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Pierre's Tuesday Blog

Scottish Inspirations

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Keeping with our month-long look at the music of Felix Mendelssohn, today is the first of four planned Tuesday Blogs which will feature Mendelssohn content - along with five montages on our Friday series (more on that in our below teaser).

Interestingly, today's post and next week's show a convergence of sorts between Mendelssohn and fellow German composer Max Bruch. Coincidence, I assure you!

The key works on today's montage are both of Scottish inspiration. Mendelssohn travelled to Scotland and England in 1829 and of that trip we have two important musical reminiscences: The Fingal’s Cave Overture and a symphony which he sketched and put aside until 1841. The Scottish Symphony was completed in January of 1842 and was first performed on March 3rd of the same year, in Leipzig. After a successful performance of the symphony in England, Mendelssohn received permission to dedicate it to Queen Victoria. What is especially noteworthy about the work is its unique formula: all four movements are played attaca, that is without pausing between them, giving a unique sense of continuity to the work. This is not programmatic music, but rather mood music, bringing the listener into the headspace of the composer during his trip.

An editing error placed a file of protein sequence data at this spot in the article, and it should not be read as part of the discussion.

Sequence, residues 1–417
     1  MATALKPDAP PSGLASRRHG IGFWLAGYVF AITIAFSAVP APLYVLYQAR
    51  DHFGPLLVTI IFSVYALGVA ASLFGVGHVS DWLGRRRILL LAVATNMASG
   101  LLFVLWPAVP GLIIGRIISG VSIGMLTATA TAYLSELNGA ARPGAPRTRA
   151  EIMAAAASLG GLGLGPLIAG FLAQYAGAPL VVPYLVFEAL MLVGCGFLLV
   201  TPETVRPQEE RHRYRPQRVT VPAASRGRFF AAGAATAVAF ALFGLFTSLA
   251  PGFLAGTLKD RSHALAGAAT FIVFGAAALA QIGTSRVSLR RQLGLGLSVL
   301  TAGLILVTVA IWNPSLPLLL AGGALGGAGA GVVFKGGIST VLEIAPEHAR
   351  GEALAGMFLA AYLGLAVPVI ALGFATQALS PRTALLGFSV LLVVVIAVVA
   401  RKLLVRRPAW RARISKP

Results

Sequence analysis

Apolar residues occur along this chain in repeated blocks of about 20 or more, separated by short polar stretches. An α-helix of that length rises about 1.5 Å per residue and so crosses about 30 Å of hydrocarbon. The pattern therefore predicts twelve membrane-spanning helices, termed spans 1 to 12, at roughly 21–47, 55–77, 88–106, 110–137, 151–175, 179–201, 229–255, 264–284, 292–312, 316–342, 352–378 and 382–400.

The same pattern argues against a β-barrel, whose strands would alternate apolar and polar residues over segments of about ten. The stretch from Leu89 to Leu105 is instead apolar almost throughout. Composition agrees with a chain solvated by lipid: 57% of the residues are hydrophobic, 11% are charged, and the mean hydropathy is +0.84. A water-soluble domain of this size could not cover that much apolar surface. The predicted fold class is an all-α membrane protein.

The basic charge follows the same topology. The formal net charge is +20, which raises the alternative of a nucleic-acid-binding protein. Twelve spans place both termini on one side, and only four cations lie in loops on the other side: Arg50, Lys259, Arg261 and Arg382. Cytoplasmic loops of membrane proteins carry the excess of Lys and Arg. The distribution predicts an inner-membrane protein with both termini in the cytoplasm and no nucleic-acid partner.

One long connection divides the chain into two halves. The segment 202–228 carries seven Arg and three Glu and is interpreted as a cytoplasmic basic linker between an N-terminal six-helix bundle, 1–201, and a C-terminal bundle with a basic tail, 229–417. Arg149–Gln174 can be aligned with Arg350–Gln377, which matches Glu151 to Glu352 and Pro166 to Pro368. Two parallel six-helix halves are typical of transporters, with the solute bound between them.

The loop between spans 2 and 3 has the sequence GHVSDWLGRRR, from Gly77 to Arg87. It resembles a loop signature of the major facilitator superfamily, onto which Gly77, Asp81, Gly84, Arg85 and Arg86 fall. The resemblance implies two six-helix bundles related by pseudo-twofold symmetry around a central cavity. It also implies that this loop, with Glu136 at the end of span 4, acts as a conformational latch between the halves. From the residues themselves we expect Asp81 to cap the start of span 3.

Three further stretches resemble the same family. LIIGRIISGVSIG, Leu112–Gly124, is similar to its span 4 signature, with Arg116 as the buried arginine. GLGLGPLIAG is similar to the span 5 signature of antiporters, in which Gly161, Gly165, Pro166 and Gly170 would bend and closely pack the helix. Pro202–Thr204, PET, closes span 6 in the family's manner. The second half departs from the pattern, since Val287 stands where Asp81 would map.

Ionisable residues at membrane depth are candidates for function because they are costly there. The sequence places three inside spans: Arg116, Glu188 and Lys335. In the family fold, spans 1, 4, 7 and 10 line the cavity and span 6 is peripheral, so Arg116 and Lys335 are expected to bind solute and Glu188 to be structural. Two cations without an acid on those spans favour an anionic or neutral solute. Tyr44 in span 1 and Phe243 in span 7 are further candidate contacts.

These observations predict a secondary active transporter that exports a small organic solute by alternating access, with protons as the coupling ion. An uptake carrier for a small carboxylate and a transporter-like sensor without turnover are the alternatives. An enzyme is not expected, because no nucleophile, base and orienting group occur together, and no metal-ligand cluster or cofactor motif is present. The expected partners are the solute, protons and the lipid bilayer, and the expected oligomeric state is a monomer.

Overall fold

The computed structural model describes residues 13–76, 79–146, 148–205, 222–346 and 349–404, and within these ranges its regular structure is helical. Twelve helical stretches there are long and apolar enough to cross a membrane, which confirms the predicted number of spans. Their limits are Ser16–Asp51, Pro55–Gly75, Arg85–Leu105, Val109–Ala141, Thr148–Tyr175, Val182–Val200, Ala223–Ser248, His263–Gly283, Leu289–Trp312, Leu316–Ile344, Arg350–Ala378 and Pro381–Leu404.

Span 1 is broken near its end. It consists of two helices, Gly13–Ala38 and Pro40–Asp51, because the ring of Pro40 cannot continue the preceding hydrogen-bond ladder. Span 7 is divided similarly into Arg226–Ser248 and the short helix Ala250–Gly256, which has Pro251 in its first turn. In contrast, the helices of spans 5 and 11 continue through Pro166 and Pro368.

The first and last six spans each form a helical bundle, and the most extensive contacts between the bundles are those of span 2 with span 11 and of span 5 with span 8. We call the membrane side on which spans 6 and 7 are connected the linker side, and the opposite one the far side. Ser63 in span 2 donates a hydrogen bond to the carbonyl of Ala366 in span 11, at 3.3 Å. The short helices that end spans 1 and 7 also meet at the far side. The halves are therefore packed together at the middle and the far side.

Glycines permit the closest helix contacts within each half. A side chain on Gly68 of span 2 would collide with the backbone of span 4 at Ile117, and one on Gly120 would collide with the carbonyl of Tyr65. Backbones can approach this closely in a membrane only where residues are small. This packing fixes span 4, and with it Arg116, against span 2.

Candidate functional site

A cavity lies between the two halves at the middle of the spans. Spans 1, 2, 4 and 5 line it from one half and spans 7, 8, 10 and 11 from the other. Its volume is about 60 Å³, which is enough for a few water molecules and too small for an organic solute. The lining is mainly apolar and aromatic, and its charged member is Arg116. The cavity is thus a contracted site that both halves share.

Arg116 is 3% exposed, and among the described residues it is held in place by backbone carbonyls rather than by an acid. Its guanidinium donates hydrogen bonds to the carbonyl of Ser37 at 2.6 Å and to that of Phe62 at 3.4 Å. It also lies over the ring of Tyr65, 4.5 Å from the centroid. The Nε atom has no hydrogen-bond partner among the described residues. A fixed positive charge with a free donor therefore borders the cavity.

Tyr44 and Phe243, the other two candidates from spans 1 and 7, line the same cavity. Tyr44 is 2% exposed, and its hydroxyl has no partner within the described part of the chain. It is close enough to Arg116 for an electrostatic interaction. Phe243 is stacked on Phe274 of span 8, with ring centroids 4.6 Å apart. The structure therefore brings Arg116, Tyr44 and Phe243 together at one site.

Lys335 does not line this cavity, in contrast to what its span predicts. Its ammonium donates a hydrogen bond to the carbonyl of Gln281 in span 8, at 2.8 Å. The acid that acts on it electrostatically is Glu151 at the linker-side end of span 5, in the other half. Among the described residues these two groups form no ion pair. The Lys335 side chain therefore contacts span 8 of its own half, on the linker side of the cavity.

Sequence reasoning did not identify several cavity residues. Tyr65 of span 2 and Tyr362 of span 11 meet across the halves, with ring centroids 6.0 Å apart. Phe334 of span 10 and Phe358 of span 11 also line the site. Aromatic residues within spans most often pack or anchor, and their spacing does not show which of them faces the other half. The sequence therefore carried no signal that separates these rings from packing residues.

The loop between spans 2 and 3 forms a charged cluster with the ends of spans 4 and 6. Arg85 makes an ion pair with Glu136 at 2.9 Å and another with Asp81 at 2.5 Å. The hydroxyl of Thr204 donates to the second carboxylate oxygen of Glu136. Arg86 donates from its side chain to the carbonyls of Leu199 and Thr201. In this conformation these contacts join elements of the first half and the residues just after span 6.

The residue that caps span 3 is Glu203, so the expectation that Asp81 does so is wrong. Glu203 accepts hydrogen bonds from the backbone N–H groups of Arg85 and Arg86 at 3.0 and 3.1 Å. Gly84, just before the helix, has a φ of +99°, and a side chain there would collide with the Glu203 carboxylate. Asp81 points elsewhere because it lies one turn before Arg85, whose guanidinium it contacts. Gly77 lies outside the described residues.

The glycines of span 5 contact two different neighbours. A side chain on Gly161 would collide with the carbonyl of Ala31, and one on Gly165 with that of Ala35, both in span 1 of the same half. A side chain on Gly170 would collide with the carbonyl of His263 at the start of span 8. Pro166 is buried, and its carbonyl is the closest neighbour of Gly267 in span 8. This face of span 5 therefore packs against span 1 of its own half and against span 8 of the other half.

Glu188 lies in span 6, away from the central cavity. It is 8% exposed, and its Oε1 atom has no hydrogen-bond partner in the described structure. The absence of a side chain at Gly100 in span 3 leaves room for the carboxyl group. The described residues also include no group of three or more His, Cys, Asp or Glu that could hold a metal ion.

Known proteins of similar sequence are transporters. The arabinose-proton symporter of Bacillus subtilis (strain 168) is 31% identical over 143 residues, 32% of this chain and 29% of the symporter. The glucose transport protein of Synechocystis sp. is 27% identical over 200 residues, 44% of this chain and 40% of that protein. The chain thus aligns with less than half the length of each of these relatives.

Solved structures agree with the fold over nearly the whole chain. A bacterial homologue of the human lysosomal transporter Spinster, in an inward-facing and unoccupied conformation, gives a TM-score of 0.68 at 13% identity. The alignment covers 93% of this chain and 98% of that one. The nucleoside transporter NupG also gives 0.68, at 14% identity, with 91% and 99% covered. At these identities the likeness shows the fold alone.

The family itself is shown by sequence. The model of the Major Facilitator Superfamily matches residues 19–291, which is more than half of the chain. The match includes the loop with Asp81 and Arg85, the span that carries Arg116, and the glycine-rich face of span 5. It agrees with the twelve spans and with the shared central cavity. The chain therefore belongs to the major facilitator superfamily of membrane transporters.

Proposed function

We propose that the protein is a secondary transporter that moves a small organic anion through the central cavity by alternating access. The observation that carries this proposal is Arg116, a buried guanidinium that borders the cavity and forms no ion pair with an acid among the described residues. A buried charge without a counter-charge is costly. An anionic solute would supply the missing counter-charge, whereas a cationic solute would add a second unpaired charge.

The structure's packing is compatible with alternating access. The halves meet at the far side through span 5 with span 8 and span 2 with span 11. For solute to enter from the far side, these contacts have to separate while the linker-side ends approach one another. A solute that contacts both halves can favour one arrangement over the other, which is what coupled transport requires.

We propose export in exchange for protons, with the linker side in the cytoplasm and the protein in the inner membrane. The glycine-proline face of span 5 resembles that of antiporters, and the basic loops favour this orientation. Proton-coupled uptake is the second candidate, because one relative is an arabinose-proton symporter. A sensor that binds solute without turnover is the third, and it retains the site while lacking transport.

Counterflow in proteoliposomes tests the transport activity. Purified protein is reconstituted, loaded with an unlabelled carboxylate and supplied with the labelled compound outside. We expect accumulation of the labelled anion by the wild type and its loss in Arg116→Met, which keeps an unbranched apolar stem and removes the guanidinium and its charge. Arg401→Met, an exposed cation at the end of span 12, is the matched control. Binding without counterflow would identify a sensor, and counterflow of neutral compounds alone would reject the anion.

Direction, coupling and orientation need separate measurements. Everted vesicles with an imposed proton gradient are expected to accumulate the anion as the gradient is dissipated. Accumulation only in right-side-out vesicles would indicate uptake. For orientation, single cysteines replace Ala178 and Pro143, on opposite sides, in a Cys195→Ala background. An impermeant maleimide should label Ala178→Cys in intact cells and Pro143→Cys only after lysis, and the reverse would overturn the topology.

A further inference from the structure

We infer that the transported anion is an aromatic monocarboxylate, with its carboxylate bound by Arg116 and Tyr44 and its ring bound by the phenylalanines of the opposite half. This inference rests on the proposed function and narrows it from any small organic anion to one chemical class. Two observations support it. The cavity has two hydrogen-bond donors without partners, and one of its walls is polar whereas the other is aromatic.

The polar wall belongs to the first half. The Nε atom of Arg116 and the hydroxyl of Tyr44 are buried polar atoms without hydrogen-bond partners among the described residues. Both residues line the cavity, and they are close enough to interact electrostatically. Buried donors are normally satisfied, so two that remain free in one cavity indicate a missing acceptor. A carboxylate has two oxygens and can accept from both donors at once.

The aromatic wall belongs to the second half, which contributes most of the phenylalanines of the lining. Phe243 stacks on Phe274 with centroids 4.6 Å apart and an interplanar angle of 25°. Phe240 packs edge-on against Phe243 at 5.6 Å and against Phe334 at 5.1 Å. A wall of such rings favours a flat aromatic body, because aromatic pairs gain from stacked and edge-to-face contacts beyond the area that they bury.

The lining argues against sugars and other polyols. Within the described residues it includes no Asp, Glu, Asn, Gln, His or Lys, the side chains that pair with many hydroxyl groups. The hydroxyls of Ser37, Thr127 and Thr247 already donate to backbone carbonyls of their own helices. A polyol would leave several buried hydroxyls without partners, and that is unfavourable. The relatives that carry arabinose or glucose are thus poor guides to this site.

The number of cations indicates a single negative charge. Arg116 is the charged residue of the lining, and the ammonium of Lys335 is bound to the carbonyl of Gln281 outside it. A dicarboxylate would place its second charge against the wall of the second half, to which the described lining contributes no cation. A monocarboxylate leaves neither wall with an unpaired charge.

A German composer, a Spanish virtuoso – a very strange pairing of individuals that somehow takes us back to our Scottish connection… Following Paganini, the most famous nineteenth century violinists were German-schooled Joseph Joachim, and the virtuosic Spanish showman, Pablo de Sarasate. Max Bruch wrote more for Sarasate than did any other composer, and while Bruch was fonder of his Second Concerto, the Fantasia Freely Using Scottish Folk Melodies (the present work's formal title) proved to be far more popular.

To complete the montage, Hector Berlioz’s Intrada di Rob Roy is a rollicking tribute to the Scottish warrior, sometimes recognized as the “Scottish Robin Hood” - because he stole from the rich and gave to the poor.

Happy Listening!

ITYWLTMT Podcast Montage # 63 – Scotland
(Originally issued on Friday, July 20, 2012)

Hector BERLIOZ (1803 - 1869)
Intrada di Rob-Roy MacGregor, overture in D Major, H. 54
Orchestre Symphonique de Montréal
Charles Dutoit, conducting

Max BRUCH (1838 – 1920)
Fantasie: für die Violine mit Orchester und Harfe unter freier Benutzung schottischer Volksmelodieen (Scottish Fantasy), op. 46
Cho-Liang Lin, violin
Chicago Symphony Orchestra
Leonard Slatkin, conducting

Symphony no. 3 in A Minor, op. 56 (Scottish)
Berliner Philharmoniker
James Levine, conducting

January 9 2014, "I Think You Will Love This Music Too" will feature a new podcast "Mendelssohn & Mendelssohn: Trios" at its Pod-O-Matic Channel . Read more on our blogs in English and in French.

Updated Jan-06-2015 at 11:13 by itywltmt

Classical Music , Recorded Music